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About the Basin: Anacostia Park

Anacostia Park

About the Basin—August 31, 2018

On August 31, 1918, Congress passed legislation to bring Anacostia Park into existence. Since that day one hundred years ago, Anacostia Park has become the nation’s neighborhood park. The 1200-acre park is located on the east side of Anacostia River in Southeast D.C. and is one of the biggest parks in the city. The National Park Service works hard to make the park an urban oasis with amenities for all.

The Anacostia Riverwalk Trail is a favorite among Washingtonian runners. Its 12-miles of smooth, wide trails with a beautiful river view is great for walkers, runners, and bike-riders alike.

Sports fields, a swimming pool, picnic tables, and acres of green grass are all popular amenities at Anacostia Park.

For a bit of vintage fun, strap on your rollers skates and check out their rolling rink. Don’t have a cool set of wheels? They offer free rentals throughout the season, Memorial Day through Labor Day.

Join the National Park Service for their 100th Anniversary Birthday Bash at Anacostia Park this weekend. Live music, yoga, boat tours and more family-friendly activities on Friday and Saturday. Bring your bell-bottoms to join the Disco Skate Party Saturday night.

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Potomac River Fishing Report—August 24, 2018

Trout fishing is a good option in the upper basin, where rivers have cleared somewhat and water temperatures are great for trout. The trout management areas are holding nice fish, although wading in some areas should be avoided. On the upper river, boating and fishing should be avoided, although there has been some activity in the Brunswick area.

Anglers in the area of Fletchers Boat House in Washington are reporting some catches of crappie and catfish.

In the tidal Potomac, Anglers are dropping lures and live bait at bridge pilings in Washington for a mix of largemouth bass and catfish. The Washington Channel is always a good spit, with anglers taking some bass off the seaway and the reduced grass beds.

Downstream, anglers are targeting grass beds at high tide in the mornings, with deeper waters and structure in the afternoons when the tide is low. The cooler temperatures have the bass sluggish with successful presentations placing the lure very close to the fish and worked slowly. Snakehead action has cooled down a bit.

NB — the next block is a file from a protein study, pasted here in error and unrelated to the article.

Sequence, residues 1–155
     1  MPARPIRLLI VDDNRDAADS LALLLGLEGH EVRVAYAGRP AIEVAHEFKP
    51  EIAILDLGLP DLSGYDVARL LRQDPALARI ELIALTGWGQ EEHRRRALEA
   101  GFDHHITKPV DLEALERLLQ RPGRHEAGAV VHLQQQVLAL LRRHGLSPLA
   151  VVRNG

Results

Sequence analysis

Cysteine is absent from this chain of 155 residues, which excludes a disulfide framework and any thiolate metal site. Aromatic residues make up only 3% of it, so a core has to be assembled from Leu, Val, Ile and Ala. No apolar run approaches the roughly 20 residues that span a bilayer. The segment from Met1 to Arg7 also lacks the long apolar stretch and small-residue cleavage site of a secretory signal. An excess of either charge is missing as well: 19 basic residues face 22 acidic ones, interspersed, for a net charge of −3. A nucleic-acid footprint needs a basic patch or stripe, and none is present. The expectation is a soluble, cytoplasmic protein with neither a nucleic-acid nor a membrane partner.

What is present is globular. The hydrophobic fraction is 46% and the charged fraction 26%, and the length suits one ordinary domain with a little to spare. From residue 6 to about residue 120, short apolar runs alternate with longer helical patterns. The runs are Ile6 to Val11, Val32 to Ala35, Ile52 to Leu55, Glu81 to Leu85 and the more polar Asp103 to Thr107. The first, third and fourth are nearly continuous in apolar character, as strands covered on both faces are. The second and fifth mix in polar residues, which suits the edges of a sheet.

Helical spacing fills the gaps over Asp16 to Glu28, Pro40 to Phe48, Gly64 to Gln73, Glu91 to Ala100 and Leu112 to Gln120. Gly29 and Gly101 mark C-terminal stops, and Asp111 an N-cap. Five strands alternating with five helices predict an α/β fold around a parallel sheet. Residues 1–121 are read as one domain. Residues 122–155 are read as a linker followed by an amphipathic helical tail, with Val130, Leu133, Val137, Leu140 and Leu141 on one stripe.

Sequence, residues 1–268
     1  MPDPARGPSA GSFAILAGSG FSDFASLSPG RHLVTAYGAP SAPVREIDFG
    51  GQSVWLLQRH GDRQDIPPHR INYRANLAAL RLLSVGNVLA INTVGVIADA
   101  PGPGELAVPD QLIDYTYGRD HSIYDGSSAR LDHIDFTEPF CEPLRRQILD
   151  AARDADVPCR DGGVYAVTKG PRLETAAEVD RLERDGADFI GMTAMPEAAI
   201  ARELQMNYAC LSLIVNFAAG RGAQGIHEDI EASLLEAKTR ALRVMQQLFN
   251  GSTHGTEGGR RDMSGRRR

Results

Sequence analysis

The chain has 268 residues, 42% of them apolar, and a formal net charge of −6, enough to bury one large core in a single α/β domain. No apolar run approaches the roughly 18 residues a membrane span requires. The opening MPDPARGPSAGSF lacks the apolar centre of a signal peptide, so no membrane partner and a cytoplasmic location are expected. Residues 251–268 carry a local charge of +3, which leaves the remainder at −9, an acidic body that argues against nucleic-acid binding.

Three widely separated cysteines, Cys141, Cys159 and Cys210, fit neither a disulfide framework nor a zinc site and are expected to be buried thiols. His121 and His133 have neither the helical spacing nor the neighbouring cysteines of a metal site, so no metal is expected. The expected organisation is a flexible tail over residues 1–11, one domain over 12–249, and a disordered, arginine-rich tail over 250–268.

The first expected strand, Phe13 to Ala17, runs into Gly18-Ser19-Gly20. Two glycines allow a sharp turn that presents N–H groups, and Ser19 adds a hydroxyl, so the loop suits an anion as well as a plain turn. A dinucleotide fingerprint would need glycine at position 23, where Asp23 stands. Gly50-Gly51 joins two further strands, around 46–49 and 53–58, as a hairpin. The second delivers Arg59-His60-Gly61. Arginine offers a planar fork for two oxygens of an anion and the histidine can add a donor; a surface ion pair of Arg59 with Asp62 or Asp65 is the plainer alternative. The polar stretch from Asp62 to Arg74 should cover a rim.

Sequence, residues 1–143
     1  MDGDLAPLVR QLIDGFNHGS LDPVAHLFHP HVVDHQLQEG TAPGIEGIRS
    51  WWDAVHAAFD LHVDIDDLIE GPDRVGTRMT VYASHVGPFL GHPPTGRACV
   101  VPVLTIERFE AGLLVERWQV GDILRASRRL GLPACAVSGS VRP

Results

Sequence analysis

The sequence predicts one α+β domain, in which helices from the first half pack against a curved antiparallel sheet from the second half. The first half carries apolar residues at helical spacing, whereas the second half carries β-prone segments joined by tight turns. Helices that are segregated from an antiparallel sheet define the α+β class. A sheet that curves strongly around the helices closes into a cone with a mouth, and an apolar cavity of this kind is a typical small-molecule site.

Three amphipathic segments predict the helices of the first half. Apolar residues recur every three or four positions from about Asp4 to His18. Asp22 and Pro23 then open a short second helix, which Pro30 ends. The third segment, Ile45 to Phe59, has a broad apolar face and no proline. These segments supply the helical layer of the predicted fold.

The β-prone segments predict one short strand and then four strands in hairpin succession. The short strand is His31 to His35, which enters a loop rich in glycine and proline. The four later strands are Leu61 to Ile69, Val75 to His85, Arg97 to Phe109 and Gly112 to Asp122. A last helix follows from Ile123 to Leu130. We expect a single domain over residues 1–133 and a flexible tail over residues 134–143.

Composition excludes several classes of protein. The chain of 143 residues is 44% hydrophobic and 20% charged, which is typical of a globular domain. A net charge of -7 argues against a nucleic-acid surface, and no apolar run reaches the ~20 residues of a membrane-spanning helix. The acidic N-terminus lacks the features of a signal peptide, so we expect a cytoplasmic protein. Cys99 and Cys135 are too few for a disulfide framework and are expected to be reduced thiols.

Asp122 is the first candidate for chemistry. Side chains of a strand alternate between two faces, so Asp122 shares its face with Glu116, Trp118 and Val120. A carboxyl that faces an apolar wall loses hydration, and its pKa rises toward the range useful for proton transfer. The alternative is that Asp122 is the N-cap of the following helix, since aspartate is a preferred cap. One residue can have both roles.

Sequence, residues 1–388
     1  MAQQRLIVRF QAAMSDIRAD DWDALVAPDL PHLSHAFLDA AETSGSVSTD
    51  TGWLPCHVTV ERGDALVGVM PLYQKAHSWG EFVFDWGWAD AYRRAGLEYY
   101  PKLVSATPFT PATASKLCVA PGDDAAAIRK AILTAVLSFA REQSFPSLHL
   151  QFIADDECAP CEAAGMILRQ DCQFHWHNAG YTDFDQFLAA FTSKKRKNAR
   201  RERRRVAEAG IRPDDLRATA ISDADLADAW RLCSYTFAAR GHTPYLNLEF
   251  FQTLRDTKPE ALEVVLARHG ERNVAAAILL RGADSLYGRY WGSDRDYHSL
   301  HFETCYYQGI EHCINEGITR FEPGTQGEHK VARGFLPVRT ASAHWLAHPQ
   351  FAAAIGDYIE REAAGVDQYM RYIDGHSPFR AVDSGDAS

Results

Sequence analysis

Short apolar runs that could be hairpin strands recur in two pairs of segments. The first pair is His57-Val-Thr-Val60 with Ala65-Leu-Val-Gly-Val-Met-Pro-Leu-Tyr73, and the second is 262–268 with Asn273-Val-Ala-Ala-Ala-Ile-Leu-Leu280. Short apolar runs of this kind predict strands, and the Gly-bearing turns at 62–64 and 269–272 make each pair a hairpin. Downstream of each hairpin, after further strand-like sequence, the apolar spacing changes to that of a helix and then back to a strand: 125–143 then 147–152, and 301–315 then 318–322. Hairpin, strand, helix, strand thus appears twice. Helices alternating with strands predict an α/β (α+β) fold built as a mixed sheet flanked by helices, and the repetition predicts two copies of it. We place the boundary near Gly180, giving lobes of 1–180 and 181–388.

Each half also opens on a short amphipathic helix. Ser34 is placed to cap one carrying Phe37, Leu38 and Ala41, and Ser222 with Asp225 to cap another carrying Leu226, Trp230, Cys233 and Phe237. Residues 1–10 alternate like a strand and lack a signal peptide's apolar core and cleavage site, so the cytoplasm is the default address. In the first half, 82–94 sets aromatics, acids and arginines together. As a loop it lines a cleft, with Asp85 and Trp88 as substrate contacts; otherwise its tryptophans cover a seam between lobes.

Near the Route 301 Bridge, anglers are taking some striped bass from the murky water. Croaker and other fish that like saltier water are few and far between.

Near the river’s mouth, anglers are targeting the channel edges around St. Georges Island. The greatest success is by those live lining spot, which are plentiful around the mouths of the Wicomico and St. Mary’s rivers. Other anglers are chumming or chunking for stripers, which are now mixed with some bluefish that have arrived on the scene late in the season. Croaker and white perch round out the possibilities. Crabbing is finally getting better.

We are grateful to the many river watchers who contribute to this effort. Particular thanks go to the state departments of natural resources, National Bass Guides, River and Trail Outfitters, Aqualand Marina, and White’s Ferry.

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About the Basin: Gravelly Point

Gravelly Point Park

About the Basin—August 24, 2018

A little boy watches a large plane fly directly overhead. Gravelly Point Park is a favorite spot for kids of all ages for one main reason: the love of airplanes. The park is known for being one of the best places for plane spotting in the nation. The grassy strip of land is located just north of Ronald Reagan Washington National Airport in Arlington, Va. and just a few hundred yards from their runways. With your feet planted firmly on the ground, it feels like your fingers could graze the bottom of the Boeing 747’s passing just above your head. The view of the underside of the planes is only complemented by the stunning skyline of our nation’s capital just across the Potomac River.